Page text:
…Harps on what Central Banks must do now
…Says economic fortunes divergent dangerously
Emma Ujah, Abuja Bureau Chief
The International Monetary Fund (IMF) is to propose a $650 billion Special Drawing Rights (SDR) to its member countries in the organisation’s efforts to boost their reserve positions.
The Managing Director (MD) of the IMF, Ms Kristinalina Georgieva, disclosed during a press briefing at the ongoing virtual IMF-World Bank Spring Meetings, that the G20 had given the needed node for the proposal to be tabled before members yesterday.
According to her, “As indicated by the G20 today, we will propose a new Special Drawing Rights (SDR) allocation of $659 billion. This will help address the long-term global needs for reserve assets and provide a substantial liquidity boost to all our members especially the most vulnerable.
The MD who made a public presentation of the 2021 IMF Global Policy Agenda tasked Central Banks across the globe on how to use their monetary mandates to assist the world take a shot at an early recovery from the effects of the COVID-19 on the global economy.
She said. “The key is to support vulnerable households so long as the crisis is with us. This requires targeted fiscal measures and maintaining favourable financial conditions.
“Given divergent recoveries, we need careful communications by major Central Banks and we prudent policies in emerging and developing countries to minimise harmful financial spillovers.”
She said that once the health crisis was over, governments should scale back support programmes and scale up targeted subsidies, retraining and re-skilling.
“This is particularly important for low-skilled workers, youth and women who have borne the brunt of the crisis. Viable small businesses need more help through equity injections and better restructuring procedures. And once the recovery is firmly underway, governments need to ground fiscal policies in credible medium-term frameworks,” she added.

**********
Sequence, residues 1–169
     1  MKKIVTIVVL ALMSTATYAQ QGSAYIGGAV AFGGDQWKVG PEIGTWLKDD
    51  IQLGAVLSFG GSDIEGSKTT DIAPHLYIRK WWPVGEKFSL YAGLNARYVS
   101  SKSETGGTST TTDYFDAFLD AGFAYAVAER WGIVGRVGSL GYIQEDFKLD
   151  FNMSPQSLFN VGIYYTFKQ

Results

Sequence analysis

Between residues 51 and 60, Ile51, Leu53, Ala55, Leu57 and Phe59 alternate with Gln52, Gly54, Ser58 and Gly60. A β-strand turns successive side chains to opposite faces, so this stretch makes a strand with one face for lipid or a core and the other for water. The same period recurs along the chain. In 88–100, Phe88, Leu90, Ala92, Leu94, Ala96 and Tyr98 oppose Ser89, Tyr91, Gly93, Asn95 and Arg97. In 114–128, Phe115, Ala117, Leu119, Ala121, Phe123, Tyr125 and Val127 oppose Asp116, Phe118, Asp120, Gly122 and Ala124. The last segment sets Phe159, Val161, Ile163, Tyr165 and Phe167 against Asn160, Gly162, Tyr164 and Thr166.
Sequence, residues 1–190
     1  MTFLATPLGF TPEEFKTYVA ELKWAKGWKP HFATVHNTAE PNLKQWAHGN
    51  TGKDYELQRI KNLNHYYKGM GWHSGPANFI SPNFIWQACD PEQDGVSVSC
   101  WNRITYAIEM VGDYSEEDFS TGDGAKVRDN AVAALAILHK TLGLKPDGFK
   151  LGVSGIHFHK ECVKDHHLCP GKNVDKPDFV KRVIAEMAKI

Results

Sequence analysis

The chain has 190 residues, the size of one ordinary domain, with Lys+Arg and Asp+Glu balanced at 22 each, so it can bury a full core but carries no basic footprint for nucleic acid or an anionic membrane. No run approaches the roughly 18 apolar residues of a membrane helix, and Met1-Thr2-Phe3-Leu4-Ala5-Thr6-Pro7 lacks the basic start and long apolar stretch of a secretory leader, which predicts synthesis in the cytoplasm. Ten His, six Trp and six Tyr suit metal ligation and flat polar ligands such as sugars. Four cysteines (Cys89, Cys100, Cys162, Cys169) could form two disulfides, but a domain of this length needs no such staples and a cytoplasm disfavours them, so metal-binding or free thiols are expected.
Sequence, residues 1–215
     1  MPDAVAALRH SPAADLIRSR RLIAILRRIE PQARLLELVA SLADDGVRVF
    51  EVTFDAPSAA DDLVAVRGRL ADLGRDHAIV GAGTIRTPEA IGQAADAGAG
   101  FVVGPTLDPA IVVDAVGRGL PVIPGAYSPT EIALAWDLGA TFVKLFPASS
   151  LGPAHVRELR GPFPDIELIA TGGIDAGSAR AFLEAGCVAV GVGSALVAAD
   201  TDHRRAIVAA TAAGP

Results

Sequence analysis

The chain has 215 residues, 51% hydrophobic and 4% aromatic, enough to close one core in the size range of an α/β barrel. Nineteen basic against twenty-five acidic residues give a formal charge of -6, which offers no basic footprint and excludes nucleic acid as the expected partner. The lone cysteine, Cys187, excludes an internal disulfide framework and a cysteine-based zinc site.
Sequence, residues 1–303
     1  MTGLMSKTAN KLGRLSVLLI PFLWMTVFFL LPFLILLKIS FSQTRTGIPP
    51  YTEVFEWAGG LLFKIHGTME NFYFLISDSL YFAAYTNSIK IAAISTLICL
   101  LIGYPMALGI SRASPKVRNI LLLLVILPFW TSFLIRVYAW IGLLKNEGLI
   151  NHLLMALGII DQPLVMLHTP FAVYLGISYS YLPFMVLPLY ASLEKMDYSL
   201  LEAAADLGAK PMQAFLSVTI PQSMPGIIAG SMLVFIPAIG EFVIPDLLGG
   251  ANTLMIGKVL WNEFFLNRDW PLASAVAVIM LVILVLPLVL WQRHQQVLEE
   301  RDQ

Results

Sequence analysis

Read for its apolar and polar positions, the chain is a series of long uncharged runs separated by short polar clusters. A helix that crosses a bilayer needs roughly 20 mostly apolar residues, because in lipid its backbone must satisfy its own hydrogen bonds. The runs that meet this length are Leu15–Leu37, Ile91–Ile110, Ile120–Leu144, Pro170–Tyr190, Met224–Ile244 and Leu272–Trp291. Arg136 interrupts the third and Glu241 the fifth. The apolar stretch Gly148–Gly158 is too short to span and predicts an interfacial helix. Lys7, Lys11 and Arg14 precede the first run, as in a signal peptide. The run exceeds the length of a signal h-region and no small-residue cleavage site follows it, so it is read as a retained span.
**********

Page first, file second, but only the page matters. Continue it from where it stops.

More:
The MD observed that the pandemic crisis has continued to cast a dark shadow, stressing, “Economic fortunes are divergent dangerously. A small number of advanced and emerging economies led by the US and China are powering ahead, weaker and poorer countries are falling behind in this multi-speed recovery.
“We also face extremely high uncertainty, especially over the impact of new virus strains and a potential shift in financial conditions. And there is the risk of further economic scurrying from job losses, bankruptcies, extreme poverty and hunger.
“Policymakers must take the right actions now, by giving everyone a fair shot, not just into people arms but also into people’s lives and in vulnerable economies.
While presenting the IMF Global Policy Agenda to the public, she said that the world “a fair shot of the vaccine.”
She called for rapid vaccines production and distribution while charging countries where such vaccines are being produced to avoid export controls.
The IMF boss urged developed economies to make good their commitment to fully fund the COVAX facility and ensure that “surplus vaccines are transferred to poorer countries. This year and next, vaccines policy is economic policy.
“Fastest progress in ending the health crisis could add almost $ 9 trillion to the global economy by 2025. The big value of money by our times but this window of opportunity is closing fast. The scientists have given us vaccines in record time. Now the governments must also show the same sense of urgency and collaboration to provide vaccines to everyone everywhere.”
The IMF also recommended a heavy investment in the future by every government.
She said, “This is perhaps the most consequential decision that any government can make this year. The focus should be on scaling up public investment in green projects, in digital infrastructure, in people’s health and education to ensure that everyone can benefit from the historic transformation to green and smarter economies.
To unlock this potential, every economy needs sufficient public revenues and more efficient spending. In many cases, this would mean more progressive taxation and an agreement on questions like minimum taxation for companies and tax rights. This has to be coupled with stronger support for poorer countries as they fight the crisis and seek to invest in the future.”